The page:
Assignment 1: CHCAOD408B and CHCAOD411A
Assignment 1: CHCAOD408B and CHCAOD411A
1. What are you required to discuss with a client prior to an assessment?
Although the exact sequence for preparing a client for an assessment might vary across different organisations, the personal/organisational introduction should always be the first step because it allows us to engage in small talk, establish rapport, and it makes the client feel comfortable. However, in addition to establishing rapport, this phase of the meeting also serves for the purpose of observing the client’s reactions and behaviours. Examples of presenting behaviours in clients with a history of alcohol or other drug (AOD) abuse will include intoxication, suicidal ideation, anger, violence, depression, hyperactivity, nervousness, and distress. It is also important to note the client’s physical presentation, such as smell, appearance, and well-being. Even though some people may be lacking those indicators, I should never discredit them because mentally ill individuals can mask their emotions and intentions. Although some clients are legally obligated to take the assessment and might not understand that they have a problem, I should also ask them why they are seeking help and why they chose my organisation during this phase of the interview.
I must also talk to the client about my organisation and the organisational privacy and confidentiality policies that govern our meetings. That is important because some of the information clients will disclose through speech or through writing in the assessment is sensitive and private. I must assure the client that my organisation has strict privacy policies regarding the disclosure of such information. For example, their private data can be obtained only by authorizes staff or by law enforcements with court orders. That point must be restated whenever I must collect further information from the client, such as immediately before starting the assessment.
Before performing the actual assessment, I am obligated to discuss the purpose of the assessment and the procedure we will use to perform it. The client must confirm that my explanation of the purpose and procedure of the assessment is clear and understandable. I should also monitor the client’s feedback to determine whether the confirmation is voluntary or involuntary.
Finally, before performing the assessment specific for AOD, I should perform the general screening. The general screening is not restricted to learning more about the client’s AOD abuse issues, even though it can include relevant questions. However, the general screening focuses on questions about their sleeping habits, medication use, sadness, eating habits, and similar indicators of emotional and physical well-being. Those questions can indicate the presence of comorbid mood disorders, which should then be included in the assessment process.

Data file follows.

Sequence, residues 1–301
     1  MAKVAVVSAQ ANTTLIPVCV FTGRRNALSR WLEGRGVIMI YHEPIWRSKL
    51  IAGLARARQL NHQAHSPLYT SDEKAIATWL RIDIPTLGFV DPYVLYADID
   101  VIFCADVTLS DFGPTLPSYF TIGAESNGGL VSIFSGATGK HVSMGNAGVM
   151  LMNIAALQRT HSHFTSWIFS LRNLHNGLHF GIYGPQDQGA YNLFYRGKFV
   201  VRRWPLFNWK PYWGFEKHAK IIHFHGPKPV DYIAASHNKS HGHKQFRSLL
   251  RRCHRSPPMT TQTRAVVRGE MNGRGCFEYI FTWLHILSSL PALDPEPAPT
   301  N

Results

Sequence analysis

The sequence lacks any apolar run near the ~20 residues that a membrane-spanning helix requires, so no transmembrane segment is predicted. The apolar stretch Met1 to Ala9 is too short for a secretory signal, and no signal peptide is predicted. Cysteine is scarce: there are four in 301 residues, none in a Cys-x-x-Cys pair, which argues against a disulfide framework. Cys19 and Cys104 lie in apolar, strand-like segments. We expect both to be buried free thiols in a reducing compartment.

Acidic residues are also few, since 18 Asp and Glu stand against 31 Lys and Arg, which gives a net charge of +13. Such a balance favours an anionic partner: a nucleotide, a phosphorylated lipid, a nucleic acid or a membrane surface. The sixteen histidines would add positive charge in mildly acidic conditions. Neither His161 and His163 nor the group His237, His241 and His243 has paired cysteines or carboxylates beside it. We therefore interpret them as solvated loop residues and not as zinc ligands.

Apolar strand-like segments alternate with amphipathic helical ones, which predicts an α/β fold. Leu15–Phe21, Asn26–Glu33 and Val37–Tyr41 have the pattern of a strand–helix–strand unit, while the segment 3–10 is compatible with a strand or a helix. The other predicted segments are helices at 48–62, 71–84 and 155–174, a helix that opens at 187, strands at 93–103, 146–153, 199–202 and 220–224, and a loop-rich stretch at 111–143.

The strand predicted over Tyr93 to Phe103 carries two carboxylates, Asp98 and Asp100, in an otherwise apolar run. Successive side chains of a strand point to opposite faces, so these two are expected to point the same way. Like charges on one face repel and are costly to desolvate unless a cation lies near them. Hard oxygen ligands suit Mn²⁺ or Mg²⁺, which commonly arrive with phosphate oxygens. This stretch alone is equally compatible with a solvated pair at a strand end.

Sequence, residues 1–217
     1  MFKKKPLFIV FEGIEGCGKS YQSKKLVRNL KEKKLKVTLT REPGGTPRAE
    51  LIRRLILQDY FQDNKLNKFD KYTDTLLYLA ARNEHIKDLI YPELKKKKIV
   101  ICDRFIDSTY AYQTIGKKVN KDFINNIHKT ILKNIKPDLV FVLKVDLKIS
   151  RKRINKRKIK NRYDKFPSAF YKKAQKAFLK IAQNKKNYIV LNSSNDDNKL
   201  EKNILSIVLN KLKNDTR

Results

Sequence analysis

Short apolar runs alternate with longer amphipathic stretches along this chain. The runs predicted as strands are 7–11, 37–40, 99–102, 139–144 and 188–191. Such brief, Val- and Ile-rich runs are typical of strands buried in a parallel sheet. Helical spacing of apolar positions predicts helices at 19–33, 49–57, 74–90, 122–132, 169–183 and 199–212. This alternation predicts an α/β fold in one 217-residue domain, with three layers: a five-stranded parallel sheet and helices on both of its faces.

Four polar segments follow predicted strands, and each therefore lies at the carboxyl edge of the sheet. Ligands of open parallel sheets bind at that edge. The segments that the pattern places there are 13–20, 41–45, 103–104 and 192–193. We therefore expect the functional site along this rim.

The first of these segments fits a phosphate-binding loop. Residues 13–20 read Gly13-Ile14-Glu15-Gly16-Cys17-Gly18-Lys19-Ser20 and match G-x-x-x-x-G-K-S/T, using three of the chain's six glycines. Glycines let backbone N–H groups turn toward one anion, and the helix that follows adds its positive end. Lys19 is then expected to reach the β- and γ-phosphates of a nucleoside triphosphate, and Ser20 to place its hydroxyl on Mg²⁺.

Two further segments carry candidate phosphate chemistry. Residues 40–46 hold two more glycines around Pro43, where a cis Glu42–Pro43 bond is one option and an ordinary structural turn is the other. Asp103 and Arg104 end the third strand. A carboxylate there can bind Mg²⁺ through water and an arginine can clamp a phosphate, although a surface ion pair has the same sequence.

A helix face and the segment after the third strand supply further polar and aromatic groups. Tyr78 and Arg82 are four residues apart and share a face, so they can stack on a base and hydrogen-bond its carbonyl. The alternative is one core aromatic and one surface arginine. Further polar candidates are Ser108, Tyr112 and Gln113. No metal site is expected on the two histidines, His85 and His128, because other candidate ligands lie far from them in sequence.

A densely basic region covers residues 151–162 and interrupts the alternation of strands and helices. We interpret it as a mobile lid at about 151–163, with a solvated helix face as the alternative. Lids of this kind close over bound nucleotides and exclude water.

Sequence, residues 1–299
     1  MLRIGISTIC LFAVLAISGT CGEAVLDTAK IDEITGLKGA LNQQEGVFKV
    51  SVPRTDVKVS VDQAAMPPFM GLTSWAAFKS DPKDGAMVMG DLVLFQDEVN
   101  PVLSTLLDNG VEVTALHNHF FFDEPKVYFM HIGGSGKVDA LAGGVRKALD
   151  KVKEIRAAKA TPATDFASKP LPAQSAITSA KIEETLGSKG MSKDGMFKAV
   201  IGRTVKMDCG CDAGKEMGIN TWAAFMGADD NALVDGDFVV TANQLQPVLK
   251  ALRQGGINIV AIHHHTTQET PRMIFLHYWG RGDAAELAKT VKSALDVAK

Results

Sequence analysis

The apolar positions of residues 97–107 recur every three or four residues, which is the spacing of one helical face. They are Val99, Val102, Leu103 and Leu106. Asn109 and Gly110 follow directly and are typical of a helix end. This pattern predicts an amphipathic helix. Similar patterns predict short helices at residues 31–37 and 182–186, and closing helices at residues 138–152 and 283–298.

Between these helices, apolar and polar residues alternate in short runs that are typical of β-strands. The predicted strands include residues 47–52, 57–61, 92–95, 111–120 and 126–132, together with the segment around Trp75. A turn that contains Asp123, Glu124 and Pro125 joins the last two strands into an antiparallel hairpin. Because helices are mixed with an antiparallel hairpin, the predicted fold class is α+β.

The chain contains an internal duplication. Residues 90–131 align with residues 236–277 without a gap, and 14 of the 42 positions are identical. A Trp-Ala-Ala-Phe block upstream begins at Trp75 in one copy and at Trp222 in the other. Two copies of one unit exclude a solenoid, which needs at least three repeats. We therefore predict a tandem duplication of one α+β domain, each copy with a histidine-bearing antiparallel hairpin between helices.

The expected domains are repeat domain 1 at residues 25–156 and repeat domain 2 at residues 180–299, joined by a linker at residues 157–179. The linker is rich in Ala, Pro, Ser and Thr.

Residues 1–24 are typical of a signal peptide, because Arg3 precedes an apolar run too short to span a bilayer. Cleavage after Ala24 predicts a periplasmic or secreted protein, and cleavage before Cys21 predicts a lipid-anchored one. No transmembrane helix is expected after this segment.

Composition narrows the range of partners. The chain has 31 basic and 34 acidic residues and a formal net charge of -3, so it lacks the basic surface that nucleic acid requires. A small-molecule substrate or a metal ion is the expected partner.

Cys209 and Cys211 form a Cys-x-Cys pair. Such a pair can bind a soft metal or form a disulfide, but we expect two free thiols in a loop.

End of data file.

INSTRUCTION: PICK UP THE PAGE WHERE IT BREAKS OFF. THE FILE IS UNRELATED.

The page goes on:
2. Alcohol Use Disorder Identification Test (AUDIT) Review
a) Brief description – how and why was it designed?
AUDIT is a screening instrument designed by the World Health Organisation (WHO) to screen clients for excessive drinking problems. The tool was designed so that healthcare practitioners can distinguish between different subtypes of alcohol abuse. Hazardous drinking is a subtype that refers to people who place their well-being and the well-being of others at risk; harmful use refers to clients whose alcohol abuse might contribute to negative physical and mental conditions; alcohol dependence is defined as a condition that develops through persistent use and reflects in the behaviour and cognition of the affected individual (Babor, Higgins-Biddle, Saunders, & Monteiro, 2001).
The development of the AUDIT screening tool took over two decades because the WHO wanted to develop a test that is brief, applicable in different settings, consistent with ICD-10 definitions regarding alcoholism, and applicable in both developed and developing countries. Therefore, to identify the relevant items that could be used in the screening tool, the researchers conducted a cross-national comparative field study in the US, Australia, Norway, Mexico, Bulgaria, and Kenya (Babor et al., 2001). As a result of that research, they were able to identify 10 items that distinguished people without risk of harm and people at risk for harmful alcohol abuse. Those 10 items measured alcohol consumption (items 1-3), drinking behaviour (items 4-6), adverse reactions (items 7-8), and alcohol related problems (items 9-10) (Saunders, Aasland, Babor, de la Fuente, & Grant, 1993). The domains addressed by the AUDIT tool can be divided into hazardous alcohol use (items 1-3), dependence symptoms (items 4-6), and harmful alcohol use (items 7-10) (Babor et al., 2001).
When AUDIT was developed, it was tested on known alcoholic patients to determine its validity and cut-off scores. Researchers identified 8 and 10 points as two suitable cut-off scores that ensured sensitivity and specificity (Saunders, et al. 1993). A lower cut-off score of 8 points proved to have higher sensitivity and lower specificity while the higher cut-off score of 10 points had lower sensitivity and higher specificity (Saunders, et al. 1993).
b) How could this tool be used with a client?
Although the instrument was developed as a screening tool in primary healthcare, it can be applied in a variety of contexts when healthcare providers suspect an individual being at risk for alcohol abuse. For example, AUDIT can be used in psychiatric hospitals to determine whether an individual showing suicidal behaviour suffers from alcohol dependence (Babor et al., 2001). It can also be used in prisons to screen offenders who were arrested for violent behaviour or breaking the law under the influence. A study by J. Davey, T. Davey, and Obst (2002) screened Australian university students’ alcohol consumption habits, and they managed to identify the 15% of the sample at risk for alcohol dependency. Therefore, AUDIT is a versatile screening tool that can be used in a variety of settings.